Scholarship honoring alum Wayland Rogers to support UK art song students
Story by Mark Mozingo, UKNow
The Rogers Scholarship was established by distinguished alumnus Wayland D. Rogers, a renowned singer, conductor, teacher and composer based in Chicago, Illinois, who graduated with a bachelor’s degree in music from UK in 1963. The scholarship will support senior music performance students who exhibit excellence in art songs or solo music with piano accompaniment.
Rogers, who was originally from Wayne County, Kentucky, held numerous faculty appointments at Northwestern University, Western Kentucky University, Loyola University Chicago, DePaul University, and the Music Institute of Chicago, served as artistic director and conductor of The Camerata Singers of Lake Forest, and served as music director of North Shore Unitarian Church in Deerfield, Illinois. In 1986, he earned a Grammy nomination for Best Chamber Music Performance for a recording of Wolfgang Amadeus Mozart with the Chicago Symphony Winds.
A year before his death in September 2020, Rogers wrote to the dean of the College of Fine Arts, Mark Shanda, about his passion for music education. “I want to further the cause of young singers who excel in art song repertoire. When I was a student there in the early 1960s, I fell in love with the art form and have pursued it throughout my professional life here in Chicago as a singer, professor and composer. Two professors at UK who were especially inspirational in that regard were Phyllis Jenness and Donald Ivey.”
Rogers’ nieces, UK alumnae Allison Rogers and Sandy Dunn, recently met with Shanda and Director of the School of Music Stanley Pelkey to deliver the first installment of the gift in person. “Helping students and young artists has always been extremely important to Wayland, so it is fitting that he chose to create a scholarship for vocal students. As part of the segment of Wayland’s family who live in Kentucky, I am so happy that Wayland picked UK as the home of his scholarship, as we get to meet the scholarship recipients and follow their music careers as a way of keeping Wayland’s memory alive,” Rogers said.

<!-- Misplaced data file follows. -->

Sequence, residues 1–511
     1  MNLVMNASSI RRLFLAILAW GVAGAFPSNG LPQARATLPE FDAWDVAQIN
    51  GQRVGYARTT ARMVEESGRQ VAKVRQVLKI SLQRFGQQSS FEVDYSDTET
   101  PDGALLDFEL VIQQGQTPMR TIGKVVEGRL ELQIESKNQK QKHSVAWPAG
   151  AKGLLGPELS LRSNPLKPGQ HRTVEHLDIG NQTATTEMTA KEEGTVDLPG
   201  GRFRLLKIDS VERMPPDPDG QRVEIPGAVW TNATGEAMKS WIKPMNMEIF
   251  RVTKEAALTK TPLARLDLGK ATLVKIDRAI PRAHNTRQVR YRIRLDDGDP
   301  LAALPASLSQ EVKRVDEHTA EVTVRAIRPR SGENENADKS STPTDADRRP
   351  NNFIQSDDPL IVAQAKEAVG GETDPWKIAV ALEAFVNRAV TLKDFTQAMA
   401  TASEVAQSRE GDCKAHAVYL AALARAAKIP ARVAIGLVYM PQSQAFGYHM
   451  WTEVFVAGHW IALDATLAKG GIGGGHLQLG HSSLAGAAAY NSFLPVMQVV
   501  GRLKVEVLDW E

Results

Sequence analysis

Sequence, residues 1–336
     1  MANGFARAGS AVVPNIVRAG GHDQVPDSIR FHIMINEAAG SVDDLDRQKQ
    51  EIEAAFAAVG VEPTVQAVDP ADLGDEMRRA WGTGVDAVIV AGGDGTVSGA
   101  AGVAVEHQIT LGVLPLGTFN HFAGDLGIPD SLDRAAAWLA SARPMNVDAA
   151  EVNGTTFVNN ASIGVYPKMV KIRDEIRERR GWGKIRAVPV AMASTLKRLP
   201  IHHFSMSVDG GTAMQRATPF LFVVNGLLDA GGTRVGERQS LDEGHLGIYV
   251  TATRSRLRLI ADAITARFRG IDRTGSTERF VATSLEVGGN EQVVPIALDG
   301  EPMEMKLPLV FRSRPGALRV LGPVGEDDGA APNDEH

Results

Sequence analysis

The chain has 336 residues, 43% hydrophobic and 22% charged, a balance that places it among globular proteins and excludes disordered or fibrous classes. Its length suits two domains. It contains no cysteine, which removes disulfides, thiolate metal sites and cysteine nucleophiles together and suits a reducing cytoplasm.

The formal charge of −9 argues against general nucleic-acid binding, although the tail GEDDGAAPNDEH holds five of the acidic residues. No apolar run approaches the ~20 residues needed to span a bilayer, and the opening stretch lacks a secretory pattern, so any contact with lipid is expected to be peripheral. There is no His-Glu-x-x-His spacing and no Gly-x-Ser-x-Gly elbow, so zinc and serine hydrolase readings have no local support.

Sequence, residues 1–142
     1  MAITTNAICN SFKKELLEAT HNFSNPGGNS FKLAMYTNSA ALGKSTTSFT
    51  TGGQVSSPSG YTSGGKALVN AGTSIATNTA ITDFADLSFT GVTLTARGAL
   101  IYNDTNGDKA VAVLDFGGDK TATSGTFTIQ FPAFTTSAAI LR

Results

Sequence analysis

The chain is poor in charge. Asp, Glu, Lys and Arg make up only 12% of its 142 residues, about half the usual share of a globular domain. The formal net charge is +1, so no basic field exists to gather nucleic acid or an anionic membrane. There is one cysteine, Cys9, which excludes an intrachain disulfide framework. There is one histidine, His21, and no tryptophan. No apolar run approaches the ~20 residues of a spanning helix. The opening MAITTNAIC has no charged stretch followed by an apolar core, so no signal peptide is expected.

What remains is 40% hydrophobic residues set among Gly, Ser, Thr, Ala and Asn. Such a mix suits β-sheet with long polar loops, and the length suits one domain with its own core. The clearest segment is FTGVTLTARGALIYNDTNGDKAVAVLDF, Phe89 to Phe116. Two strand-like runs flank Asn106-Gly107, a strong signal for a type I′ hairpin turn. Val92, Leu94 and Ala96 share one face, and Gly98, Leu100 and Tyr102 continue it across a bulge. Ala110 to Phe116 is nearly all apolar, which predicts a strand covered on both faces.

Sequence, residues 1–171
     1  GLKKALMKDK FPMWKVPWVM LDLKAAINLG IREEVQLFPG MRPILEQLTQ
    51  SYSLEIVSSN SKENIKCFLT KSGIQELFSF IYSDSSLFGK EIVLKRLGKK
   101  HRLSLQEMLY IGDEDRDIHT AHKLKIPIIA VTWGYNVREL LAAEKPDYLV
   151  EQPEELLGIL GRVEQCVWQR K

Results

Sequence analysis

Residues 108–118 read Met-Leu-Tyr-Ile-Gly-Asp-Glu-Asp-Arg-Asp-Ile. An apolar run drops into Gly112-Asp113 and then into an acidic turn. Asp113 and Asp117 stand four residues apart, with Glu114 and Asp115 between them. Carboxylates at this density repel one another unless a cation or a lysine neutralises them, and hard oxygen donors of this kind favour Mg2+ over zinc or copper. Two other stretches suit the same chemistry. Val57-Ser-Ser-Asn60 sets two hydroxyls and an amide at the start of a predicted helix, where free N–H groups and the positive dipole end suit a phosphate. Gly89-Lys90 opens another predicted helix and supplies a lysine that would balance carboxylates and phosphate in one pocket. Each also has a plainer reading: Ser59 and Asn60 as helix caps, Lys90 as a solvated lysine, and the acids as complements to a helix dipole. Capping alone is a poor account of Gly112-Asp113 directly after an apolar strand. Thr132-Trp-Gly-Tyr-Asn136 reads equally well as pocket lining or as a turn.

“Wayland’s love of the art song began during his undergraduate work in the School of Music at UK during the early 1960s. That love developed throughout his lifetime as revealed in his numerous compositions and his teaching. I attended the world premiere of his song cycle, ‘I-Thou,’ in the spring of 2018 in Chicago. Commissioned by a rising chamber quartet of young professional singers, Fourth Coast Ensemble, this important collaboration left a life-changing imprint on these inspiring singers and their pianist, as professed by them to me. As his proud niece, these were poignant conversations indeed,” Dunn added. “Wayland’s endowed scholarship in the area of the art song is a natural continuance of his life’s work, and I look forward to seeing the accomplishments of the singers who will benefit from it. And who will hopefully sing his music!”
Young vocalists beyond UK will also continue to benefit from Rogers’ work with the inclusion of some of his pieces for baritones and mezzo sopranos in a two-volume anthology, “Modern Music for New Singers: 21st Century American Art Songs,” scheduled for publication later this year.
Photo credit: UK School of Music Director Stanley Pelkey (left), Rogers' nieces Allison Rogers and Sandy Dunn, and Dean Mark Shanda met earlier this month on campus.